A document from the department, published by E&E News, gave insight into the reasoning behind the formation of 13 new common regions, expected to take effect the second half of fiscal year 2018. The new boundaries will be "based on natural features like ecosystems and watersheds" and are believed to make the department "more efficient." The document says the changes to the boundaries will provide better management on a local ecosystem basis.
Director of the Office of Intergovernmental and External Affairs Todd Wynn sent the document, a compilation of 39 "frequently asked questions," on January 19th to state and local stakeholders, according to E&E News.
Changes in the organization and addition of regional boundaries could lead to greater resolution and more decisions at the regional level, as well as relieve pressure on the department's budget, says the document. The department chose Alaska as the pilot site, a "large geographic area, most bureaus are active there, all existing regional offices are already in the same city, and there is only one state government with which to interact."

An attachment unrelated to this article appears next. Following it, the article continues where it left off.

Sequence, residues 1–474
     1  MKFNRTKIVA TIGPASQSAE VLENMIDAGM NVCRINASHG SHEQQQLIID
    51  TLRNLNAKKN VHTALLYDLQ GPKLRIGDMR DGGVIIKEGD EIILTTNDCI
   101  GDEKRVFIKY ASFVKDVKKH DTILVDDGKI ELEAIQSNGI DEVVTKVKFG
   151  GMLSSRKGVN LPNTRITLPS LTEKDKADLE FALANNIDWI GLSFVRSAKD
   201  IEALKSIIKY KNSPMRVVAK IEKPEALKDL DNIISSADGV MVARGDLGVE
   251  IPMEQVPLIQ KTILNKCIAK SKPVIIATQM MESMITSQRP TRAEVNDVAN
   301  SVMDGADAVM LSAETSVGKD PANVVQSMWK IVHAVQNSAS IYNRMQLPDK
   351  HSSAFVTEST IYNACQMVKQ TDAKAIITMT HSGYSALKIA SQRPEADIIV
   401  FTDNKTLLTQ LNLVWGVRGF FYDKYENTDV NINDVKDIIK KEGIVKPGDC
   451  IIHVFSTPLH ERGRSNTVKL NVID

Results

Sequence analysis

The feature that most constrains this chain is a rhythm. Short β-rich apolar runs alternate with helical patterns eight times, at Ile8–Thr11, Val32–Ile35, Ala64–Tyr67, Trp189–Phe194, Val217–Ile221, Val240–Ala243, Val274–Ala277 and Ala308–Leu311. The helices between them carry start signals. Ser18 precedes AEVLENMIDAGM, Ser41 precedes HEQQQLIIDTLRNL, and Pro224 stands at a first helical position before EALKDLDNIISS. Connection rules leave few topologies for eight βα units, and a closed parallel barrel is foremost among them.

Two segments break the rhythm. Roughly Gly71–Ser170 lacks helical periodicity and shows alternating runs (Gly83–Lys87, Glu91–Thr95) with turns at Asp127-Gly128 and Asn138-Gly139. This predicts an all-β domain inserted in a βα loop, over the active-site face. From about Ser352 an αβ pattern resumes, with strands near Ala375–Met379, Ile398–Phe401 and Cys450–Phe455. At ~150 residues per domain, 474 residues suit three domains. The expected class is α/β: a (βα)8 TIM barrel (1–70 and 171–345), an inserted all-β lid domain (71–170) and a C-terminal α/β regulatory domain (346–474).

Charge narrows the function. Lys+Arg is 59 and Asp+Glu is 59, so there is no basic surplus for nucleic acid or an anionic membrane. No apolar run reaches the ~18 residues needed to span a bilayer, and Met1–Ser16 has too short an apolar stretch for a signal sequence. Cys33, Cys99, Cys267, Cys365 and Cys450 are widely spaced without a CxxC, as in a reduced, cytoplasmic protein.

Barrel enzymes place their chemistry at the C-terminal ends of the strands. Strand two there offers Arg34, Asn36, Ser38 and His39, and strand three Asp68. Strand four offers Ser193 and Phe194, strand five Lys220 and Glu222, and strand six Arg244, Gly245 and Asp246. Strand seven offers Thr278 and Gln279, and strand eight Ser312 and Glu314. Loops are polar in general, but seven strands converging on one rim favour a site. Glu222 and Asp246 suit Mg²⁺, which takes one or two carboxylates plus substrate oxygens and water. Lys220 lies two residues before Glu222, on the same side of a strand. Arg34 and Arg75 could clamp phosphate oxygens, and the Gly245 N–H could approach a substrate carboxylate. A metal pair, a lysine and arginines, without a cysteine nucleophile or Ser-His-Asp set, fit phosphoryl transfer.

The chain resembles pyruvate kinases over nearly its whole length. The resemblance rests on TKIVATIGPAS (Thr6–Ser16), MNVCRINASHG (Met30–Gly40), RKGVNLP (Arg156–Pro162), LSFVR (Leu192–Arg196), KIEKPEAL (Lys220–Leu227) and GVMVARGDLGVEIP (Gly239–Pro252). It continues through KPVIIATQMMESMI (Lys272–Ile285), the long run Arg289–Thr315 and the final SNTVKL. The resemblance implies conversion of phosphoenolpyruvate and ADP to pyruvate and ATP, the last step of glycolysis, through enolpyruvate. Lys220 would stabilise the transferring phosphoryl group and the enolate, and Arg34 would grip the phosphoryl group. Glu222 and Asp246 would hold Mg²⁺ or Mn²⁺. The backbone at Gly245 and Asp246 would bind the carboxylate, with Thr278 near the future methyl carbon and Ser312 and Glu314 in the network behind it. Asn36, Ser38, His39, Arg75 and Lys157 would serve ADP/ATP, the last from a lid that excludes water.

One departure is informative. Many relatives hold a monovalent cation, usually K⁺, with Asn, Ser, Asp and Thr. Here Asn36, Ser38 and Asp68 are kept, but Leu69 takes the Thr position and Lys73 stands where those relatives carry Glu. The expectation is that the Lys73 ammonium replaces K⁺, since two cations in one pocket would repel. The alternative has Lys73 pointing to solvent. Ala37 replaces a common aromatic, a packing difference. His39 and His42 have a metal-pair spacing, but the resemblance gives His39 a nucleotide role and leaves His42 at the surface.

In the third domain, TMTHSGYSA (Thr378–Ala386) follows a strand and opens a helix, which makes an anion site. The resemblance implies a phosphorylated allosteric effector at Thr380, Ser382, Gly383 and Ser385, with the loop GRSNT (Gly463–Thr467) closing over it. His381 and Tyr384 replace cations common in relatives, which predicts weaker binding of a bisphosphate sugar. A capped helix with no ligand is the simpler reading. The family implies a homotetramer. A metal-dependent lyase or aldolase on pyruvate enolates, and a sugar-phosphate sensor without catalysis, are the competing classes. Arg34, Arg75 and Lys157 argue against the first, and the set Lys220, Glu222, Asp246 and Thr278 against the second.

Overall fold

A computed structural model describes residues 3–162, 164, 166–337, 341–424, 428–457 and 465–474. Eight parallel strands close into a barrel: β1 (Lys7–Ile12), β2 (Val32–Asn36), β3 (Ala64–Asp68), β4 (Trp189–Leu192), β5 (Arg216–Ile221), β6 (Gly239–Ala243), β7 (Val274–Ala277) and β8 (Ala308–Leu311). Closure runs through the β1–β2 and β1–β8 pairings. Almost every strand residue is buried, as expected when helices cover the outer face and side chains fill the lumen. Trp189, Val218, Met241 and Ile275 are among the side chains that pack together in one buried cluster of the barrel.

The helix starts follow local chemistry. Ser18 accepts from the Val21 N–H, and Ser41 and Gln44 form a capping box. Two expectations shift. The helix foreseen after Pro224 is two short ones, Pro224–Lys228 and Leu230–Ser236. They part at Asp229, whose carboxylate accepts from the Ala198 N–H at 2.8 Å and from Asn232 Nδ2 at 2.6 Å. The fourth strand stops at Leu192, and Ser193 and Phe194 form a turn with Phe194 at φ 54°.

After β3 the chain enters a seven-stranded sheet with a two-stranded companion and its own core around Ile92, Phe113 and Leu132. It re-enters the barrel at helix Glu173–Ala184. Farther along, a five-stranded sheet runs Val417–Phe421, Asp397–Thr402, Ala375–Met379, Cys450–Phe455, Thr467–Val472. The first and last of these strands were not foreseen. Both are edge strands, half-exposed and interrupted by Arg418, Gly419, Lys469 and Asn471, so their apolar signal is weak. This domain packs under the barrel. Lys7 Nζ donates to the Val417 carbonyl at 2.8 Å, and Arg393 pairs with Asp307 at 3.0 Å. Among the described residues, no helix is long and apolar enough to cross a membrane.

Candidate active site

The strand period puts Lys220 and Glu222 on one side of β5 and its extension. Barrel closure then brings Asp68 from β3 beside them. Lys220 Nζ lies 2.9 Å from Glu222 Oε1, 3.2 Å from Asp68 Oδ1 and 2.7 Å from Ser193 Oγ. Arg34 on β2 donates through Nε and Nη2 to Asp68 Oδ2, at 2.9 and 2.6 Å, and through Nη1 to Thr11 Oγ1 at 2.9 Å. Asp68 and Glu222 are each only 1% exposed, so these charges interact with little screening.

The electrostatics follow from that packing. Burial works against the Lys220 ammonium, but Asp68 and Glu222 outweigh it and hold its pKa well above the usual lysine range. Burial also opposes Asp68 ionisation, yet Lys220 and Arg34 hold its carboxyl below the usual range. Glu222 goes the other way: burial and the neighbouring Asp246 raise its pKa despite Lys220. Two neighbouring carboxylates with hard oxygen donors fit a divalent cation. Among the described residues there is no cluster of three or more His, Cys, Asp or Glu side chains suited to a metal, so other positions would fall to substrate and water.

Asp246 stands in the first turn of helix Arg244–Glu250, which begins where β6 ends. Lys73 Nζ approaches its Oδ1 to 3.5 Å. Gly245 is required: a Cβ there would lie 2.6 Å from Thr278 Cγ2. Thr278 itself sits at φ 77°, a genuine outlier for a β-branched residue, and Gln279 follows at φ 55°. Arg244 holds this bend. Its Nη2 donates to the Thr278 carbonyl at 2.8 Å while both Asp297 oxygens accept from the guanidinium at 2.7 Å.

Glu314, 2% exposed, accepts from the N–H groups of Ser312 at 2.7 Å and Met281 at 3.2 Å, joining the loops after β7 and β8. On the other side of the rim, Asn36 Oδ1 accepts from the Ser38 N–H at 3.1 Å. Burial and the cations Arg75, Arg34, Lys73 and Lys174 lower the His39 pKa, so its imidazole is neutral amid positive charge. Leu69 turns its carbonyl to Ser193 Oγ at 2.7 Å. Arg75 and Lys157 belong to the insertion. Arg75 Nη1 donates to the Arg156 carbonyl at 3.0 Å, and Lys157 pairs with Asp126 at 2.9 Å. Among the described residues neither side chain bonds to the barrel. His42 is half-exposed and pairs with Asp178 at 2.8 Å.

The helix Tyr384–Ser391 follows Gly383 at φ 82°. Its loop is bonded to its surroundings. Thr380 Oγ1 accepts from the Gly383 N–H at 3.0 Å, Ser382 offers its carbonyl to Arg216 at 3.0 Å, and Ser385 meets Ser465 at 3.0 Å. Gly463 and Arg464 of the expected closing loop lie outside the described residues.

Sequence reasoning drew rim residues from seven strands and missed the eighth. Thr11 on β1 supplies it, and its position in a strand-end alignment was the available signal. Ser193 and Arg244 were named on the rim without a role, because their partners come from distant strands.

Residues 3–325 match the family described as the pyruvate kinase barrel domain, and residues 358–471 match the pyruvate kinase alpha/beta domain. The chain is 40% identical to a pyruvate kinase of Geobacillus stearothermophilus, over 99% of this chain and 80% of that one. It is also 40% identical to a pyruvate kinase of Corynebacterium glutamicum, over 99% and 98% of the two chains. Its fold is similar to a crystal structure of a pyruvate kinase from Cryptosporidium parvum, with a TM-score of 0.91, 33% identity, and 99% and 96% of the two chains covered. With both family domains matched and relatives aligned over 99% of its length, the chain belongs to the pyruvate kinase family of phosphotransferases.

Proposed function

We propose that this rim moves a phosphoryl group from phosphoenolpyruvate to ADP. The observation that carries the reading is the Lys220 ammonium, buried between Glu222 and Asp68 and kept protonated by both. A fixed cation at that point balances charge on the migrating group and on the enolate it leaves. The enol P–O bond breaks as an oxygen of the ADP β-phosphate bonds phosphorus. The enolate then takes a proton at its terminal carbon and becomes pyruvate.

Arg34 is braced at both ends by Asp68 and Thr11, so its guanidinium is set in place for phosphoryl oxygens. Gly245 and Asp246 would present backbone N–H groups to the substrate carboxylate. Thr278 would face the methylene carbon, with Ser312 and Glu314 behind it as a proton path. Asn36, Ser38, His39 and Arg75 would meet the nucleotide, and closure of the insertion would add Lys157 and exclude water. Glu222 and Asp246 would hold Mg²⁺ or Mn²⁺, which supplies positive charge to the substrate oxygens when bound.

On Thursday, Secretary of the Interior Ryan Zinke told department employees at a town hall in Washington, D.C., to not expect job or bureaus cuts as a result of the restructuring plan. The additional sites have not yet been chosen, but the decided sites will not lead to the closing of any "national parks, national wildlife refuges, national fish hatcheries, or BIA agency offices," or "types of local offices that are tied to specific natural or cultural resources or Indian tribes," according to the document.
"If you look at the way we're presently organized, all the bureaus under Interior have different regions ... and are not aligned geographically," Zinke told the Washington Post in January when he announced the initial restructuring concept.